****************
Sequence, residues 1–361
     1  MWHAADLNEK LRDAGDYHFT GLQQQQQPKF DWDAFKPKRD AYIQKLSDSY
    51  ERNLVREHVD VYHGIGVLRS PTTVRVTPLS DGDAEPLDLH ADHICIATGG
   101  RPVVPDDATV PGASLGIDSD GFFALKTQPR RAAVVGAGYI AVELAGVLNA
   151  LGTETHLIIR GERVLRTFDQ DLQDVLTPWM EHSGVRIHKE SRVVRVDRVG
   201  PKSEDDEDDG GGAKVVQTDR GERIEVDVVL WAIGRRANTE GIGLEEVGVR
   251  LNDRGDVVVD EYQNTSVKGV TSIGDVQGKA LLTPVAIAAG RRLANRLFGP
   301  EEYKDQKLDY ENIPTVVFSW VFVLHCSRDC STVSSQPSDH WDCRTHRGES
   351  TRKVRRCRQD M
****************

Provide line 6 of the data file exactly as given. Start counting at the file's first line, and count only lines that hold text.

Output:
   201  PKSEDDEDDG GGAKVVQTDR GERIEVDVVL WAIGRRANTE GIGLEEVGVR